A French poet recently joined us at the Orange House. He writes under the pen name Pream.
For our French readers, take a look at his poem about the Orange House below!
Douce extase qui habille ma nouvelle enfance
De jeux aussi vieux que la poussière,
D’éclats de rires et d’éclats d’éclairs
Que les regards amusés se lancent.
Le monde réunit en une poignée de cœurs,
Triomphent un moment de leurs peines et leurs peurs,
Chantent, dansent avec la même douceur
Que l’abeille papillonne de fleurs en fleurs.
Les mélodies s’enchaînent et les pas se libèrent,
De la main au bassin la volupté ondule
Et la tendresse de lèvres en lèvres libellule,
Pour déposer en chaque prunelle un grain de lumière.
Grain qui fleurit et illumine
Les ombres que laissent les larmes tombées,
Les visages qui s’ouvrent à cette innocente gaieté,
Cette fièvre humaine qui dans toutes âmes se devine.
L’aurore amoureuse et délicate soulève nos cœurs
D’une furieuse ivresse et embrase d’une même lueur
La plus pure des beautés, par la plus tendre des faveurs,
Celle d’être libre l’espace de quelques heures.
Great news – Orange House is now greener than ever, and with constant hot water! In March 2018, we installed solar panels on the roof. This means big savings on the cost of electricity; constant hot water, and a more eco-friendly energy system.
Free hot showers are one of the most popular services Orange House offers – close to 500 people shower here every month, many of them from camps and squats which don’t offer hot water. Before the solar panels, residents could only shower in the evenings, and other visitors, at specified times of day. Also, everyone had to wait 15 minutes between showers, for the water to heat up! Now hot water is available all day long, so visitors can shower from 10am to 8:30pm, and residents, from 9am to 11pm. Orange House continues to provide shampoo and soap as needed, thanks to donations from the Lush Retail, a cosmetics store in the UK. Even the volunteers will benefit – they’ll no longer have to run up and down the stairs all day to turn the boiler on and off!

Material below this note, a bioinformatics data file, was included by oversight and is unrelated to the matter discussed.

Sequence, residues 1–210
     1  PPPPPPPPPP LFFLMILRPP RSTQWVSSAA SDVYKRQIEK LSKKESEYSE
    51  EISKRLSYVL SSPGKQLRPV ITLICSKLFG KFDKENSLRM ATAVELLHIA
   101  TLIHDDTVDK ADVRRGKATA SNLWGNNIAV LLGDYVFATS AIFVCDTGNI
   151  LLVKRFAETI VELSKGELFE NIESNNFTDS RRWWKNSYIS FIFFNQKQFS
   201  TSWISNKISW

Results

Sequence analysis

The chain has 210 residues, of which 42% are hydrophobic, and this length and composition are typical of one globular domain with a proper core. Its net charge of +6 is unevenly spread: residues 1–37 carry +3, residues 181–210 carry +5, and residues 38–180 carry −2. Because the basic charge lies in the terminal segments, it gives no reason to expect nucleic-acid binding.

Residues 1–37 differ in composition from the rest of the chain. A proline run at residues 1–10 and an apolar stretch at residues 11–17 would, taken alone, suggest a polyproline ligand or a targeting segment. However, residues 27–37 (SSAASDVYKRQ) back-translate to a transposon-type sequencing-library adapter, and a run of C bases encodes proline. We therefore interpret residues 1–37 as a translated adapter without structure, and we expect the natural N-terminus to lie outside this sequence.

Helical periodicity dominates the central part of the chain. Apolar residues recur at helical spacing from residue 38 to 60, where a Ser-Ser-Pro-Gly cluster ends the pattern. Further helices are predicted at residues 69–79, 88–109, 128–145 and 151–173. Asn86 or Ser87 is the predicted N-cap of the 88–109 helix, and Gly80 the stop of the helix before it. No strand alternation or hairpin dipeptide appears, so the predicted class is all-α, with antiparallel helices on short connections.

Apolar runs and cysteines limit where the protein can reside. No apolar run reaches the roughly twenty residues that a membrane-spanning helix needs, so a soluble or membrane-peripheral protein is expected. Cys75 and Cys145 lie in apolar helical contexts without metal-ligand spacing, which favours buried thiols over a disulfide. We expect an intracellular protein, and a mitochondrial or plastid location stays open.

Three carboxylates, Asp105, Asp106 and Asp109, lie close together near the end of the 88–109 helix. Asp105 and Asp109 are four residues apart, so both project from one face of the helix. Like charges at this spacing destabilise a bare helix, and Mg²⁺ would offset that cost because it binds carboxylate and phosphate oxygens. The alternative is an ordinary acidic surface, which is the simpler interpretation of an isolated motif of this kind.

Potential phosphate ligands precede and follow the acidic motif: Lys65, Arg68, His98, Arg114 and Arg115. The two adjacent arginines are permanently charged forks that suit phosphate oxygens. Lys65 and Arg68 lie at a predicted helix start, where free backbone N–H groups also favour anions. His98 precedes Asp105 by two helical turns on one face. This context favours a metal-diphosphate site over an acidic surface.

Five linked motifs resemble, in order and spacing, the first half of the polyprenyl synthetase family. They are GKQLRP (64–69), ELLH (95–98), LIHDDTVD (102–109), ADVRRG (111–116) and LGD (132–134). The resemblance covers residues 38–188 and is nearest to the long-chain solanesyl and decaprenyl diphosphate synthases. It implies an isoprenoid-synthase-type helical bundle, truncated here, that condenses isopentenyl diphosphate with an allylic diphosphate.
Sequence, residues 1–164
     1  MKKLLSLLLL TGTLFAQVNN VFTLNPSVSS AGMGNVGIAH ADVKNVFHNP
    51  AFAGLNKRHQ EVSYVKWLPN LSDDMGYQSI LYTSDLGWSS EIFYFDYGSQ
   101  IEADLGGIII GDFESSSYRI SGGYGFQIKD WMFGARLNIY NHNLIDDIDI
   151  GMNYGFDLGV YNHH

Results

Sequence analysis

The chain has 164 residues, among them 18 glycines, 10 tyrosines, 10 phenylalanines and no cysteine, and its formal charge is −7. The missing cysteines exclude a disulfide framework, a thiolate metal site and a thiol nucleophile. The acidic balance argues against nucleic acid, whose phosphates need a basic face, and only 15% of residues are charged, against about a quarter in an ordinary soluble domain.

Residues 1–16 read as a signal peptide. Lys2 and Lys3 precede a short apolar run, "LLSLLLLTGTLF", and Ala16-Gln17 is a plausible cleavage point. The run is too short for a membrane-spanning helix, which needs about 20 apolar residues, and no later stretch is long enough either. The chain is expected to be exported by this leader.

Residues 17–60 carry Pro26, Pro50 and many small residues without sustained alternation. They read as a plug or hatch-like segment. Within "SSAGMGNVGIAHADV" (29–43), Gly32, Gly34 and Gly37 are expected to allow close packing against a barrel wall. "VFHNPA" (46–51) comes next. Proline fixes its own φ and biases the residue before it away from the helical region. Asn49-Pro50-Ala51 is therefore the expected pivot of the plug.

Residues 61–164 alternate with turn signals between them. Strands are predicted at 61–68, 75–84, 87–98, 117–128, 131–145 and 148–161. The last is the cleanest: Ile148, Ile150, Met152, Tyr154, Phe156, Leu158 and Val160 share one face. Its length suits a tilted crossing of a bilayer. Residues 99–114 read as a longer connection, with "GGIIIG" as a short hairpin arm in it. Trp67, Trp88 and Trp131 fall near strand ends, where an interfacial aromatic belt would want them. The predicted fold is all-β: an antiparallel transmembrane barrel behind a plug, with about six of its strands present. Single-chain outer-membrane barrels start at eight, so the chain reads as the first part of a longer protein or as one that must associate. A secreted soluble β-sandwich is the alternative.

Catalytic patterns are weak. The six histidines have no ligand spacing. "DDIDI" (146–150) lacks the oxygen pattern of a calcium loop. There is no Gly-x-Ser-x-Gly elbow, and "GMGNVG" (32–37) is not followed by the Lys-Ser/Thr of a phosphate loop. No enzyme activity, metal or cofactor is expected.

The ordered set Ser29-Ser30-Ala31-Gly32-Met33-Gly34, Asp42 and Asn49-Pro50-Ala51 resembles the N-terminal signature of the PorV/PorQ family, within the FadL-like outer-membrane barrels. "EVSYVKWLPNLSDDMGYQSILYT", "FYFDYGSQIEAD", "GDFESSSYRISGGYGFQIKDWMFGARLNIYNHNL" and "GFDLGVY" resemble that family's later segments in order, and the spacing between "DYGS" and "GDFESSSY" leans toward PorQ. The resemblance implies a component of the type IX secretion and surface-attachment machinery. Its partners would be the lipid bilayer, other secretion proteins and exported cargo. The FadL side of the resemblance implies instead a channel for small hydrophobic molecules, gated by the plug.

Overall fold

Za’atar’s Founder Marina Liakis said, “We saw how important showers were, when we were fixing the kitchen in the winter, because even when we were doing work in the basement, people were still coming every day to shower or to do their beards or hair. We are always looking for ways to improve OH services, and to be eco-friendly!” OH also held seminars for the residents about saving resources like water and electricity, and on recycling.
The solar panels were installed thanks to a generous donation from Humanity Now.
Za’atar plans to use finances saved on electricity bills to cover the cost of maintenance and improvements to Orange House, as updates and repairs are always needed. In addition, fundraising is ongoing to fix up the basement, improve the shower, build changing rooms, make the courtyard serviceable, and create a new classroom.
I could only volunteer at the Orange House for two weeks, but in that short amount of time I worked with an amazing range of people. Much of the work was supported by residents and visitors, which made every task go faster. Many of the refugee visitors were excited to practice English, which gave me an opportunity to connect with them. Volunteers were encouraged to innovate in order to maximize our contributions to the OH. That encouragement led to some exciting projects! The scheduling was also flexible enough to allow my girlfriend and I to work similar hours.
The nature of volunteering at the Orange House meant that my days included many different tasks that contributed to the larger mission: writing math tests for eager children, sharing stories about my life with interested adults, helping install a washing machine, and sorting puzzle pieces. While volunteering, I felt that each task was appreciated and supported by residents and visitors alike. Even though I was there for only a short time, I saw the power of the Orange House. Children opened up in the safe environment, adults found resources they never knew existed, and a strong community thrived in the heart of Athens.
Despite only being my third volunteer experience, my time at the Orange House was, without doubt, one of the most wonderful and enriching experiences I’ve ever had.
The Orange House is special, because it does not only help with a refugee’s basic needs such as food or housing, but it also provides a space where people can develop their human, social and cultural dimensions.
Day after day, dozens of people arrive in the house for classes, workshops or just relaxing and socializing. As a volunteer, it is so special to get to know so many people with different backgrounds and stories. Working in close proximity with these special people gives you the opportunity to get involved with the culture, thoughts and feelings of the residents and visitors. It also helps you to develop a special sensitivity and empathy towards others.
One of the major advantages of the Orange House is the small size of the organization. It allows you to get to know every member of the community and to have a real perception of the day to day operations of the organization and its residents. I really appreciate the opportunity Marina and Hassan gave me to work at the Orange House and the excellent job they are doing on preserving the dignity and humanity of all refugees.